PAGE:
The reality has finally sunk in—work-from-home is here to stay. For some, like my company, we're in fully remote workplaces (and always have been). Some hybrid version (with days in the office and days at home or the coffee shop) is the new norm for most.
I have always loved the possibilities of working remotely, so much so that in 2019 I embarked on a year of working remotely and traveling around the world with my husband and three sons. (The first of the year was spectacular, with stops in the US, Europe, and Asia. The second half—plus a whole extra year added on—turned into a Covid pause in New Zealand and was also wonderful.)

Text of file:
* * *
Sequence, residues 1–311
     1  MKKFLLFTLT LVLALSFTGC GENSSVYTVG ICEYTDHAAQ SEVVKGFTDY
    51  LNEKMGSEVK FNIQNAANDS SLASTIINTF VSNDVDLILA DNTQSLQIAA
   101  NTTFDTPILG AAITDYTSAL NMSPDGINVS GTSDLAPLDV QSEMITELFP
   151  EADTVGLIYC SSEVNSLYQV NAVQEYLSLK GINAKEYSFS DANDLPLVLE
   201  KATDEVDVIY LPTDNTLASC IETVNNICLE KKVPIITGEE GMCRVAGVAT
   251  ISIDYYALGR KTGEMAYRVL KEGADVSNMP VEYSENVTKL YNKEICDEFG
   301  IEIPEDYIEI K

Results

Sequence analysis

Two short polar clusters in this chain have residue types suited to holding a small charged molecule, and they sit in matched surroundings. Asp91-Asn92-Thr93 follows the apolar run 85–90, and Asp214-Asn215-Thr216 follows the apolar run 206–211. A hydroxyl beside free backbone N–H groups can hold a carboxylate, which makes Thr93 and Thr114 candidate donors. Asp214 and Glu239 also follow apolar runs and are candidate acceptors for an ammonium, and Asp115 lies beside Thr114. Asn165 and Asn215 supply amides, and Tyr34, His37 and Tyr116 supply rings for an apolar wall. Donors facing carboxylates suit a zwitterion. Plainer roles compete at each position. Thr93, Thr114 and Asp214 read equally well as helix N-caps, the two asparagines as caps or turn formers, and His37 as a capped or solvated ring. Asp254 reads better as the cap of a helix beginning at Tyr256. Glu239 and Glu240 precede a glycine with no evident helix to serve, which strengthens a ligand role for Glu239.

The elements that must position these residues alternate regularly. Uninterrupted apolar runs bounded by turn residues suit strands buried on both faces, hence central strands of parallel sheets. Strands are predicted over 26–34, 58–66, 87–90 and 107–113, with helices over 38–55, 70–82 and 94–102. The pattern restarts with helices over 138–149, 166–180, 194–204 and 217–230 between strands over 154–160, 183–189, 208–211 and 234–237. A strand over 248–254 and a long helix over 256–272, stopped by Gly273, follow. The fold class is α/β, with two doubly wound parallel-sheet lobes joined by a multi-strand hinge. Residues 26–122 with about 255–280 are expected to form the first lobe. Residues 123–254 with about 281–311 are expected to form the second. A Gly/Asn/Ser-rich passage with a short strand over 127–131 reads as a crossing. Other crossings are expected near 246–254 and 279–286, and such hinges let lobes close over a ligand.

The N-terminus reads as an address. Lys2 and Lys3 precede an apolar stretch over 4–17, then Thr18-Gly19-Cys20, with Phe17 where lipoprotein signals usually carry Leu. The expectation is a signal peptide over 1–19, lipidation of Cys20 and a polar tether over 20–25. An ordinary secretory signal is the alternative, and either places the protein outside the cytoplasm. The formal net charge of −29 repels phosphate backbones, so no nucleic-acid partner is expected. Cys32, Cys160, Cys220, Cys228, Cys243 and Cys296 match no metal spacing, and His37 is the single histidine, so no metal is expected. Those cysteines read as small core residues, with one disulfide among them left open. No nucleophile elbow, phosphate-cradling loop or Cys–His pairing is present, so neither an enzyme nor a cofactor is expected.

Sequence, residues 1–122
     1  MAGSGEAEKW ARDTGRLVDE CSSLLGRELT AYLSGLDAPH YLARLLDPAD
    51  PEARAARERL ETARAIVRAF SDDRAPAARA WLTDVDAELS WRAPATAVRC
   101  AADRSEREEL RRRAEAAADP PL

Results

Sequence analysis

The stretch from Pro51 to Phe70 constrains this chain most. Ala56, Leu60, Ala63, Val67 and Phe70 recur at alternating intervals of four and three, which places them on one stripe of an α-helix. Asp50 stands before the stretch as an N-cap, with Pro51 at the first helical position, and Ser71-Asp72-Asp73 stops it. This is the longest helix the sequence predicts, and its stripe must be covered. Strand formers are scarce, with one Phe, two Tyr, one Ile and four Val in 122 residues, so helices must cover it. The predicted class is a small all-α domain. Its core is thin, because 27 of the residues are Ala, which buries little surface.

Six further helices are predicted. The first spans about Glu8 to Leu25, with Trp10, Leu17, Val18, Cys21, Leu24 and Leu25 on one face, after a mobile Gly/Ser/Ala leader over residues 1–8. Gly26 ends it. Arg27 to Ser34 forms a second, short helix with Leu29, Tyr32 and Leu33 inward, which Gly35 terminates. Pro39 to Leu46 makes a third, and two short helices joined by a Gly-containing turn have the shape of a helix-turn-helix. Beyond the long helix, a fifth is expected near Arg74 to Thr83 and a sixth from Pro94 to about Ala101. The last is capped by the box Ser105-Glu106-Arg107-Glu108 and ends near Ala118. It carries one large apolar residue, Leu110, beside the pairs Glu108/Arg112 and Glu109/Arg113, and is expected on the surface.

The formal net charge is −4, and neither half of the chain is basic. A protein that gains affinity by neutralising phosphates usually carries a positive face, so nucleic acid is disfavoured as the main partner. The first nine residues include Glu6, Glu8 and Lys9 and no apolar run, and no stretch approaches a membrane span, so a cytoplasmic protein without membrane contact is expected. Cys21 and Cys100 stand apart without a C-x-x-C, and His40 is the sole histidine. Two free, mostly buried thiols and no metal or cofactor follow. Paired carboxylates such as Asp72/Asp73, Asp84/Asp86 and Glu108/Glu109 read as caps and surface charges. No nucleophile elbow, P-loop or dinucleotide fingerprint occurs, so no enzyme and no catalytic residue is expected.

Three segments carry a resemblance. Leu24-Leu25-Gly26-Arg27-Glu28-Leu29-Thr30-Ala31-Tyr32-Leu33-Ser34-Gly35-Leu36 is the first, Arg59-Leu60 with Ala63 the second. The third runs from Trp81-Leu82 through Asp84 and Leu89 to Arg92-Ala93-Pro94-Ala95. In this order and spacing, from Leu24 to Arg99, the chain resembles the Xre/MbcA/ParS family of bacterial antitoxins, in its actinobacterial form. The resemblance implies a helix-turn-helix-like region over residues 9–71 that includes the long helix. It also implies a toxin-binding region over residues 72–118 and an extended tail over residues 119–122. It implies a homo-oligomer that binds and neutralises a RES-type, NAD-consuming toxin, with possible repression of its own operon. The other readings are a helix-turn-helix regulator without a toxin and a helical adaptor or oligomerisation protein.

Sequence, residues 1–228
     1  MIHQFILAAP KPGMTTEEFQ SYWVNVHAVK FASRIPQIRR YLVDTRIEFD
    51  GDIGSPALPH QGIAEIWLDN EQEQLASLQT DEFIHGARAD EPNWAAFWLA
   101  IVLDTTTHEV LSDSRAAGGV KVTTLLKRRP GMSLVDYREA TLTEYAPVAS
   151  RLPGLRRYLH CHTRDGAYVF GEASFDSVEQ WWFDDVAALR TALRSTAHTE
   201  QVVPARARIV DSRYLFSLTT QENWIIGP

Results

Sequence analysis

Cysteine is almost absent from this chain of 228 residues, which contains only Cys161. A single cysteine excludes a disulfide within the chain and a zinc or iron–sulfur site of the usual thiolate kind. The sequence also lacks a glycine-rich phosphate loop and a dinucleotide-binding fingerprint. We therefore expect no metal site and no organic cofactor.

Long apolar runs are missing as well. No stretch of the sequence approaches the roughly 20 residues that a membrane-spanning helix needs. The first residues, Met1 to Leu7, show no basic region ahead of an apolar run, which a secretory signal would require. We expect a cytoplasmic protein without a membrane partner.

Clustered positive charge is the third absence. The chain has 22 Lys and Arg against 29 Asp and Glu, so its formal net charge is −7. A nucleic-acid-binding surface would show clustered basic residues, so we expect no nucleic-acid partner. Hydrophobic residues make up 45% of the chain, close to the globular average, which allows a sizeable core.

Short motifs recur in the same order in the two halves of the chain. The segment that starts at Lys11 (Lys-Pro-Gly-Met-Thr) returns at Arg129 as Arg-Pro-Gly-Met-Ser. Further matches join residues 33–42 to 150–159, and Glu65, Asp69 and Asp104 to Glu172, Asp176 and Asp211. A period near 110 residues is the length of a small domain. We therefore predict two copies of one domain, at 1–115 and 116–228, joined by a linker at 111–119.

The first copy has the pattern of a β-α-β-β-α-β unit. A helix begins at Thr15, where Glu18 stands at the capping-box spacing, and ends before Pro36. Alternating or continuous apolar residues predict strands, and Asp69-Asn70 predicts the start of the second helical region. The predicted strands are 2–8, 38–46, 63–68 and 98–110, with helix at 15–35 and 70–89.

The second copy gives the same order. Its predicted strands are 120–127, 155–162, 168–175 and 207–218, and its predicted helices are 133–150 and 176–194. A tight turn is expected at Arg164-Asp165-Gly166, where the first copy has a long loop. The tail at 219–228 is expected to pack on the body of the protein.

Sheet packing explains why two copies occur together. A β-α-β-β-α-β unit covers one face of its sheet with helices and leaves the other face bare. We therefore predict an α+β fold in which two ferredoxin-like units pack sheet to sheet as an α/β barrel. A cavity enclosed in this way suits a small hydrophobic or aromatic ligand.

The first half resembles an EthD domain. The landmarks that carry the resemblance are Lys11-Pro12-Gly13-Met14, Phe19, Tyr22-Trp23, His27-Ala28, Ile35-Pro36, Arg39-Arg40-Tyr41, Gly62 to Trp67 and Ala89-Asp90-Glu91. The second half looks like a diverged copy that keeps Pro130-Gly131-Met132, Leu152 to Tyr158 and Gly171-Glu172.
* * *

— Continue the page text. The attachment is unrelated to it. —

This preamble means that I have a lot of experience with working from home and know how to set the stage for myself and my team (and our clients) to feel engaged, connected, and productive. But I also know it's not as stress-free and easy as it sounds. Sweatpants aren't a magical solution to the overall stress of work. Loneliness, isolation, distractions, and Zoom fatigue are real, and they are challenges to overcome.
As summer vacations end and we ramp up for the last quarter's urgency to accomplish big things, we must revisit our work-from-home habits. We must reset and actively design how we manage our time and focus and make space for our best work, which also means the time we're not working.
6 Habits for Successful Work-from-Home Routines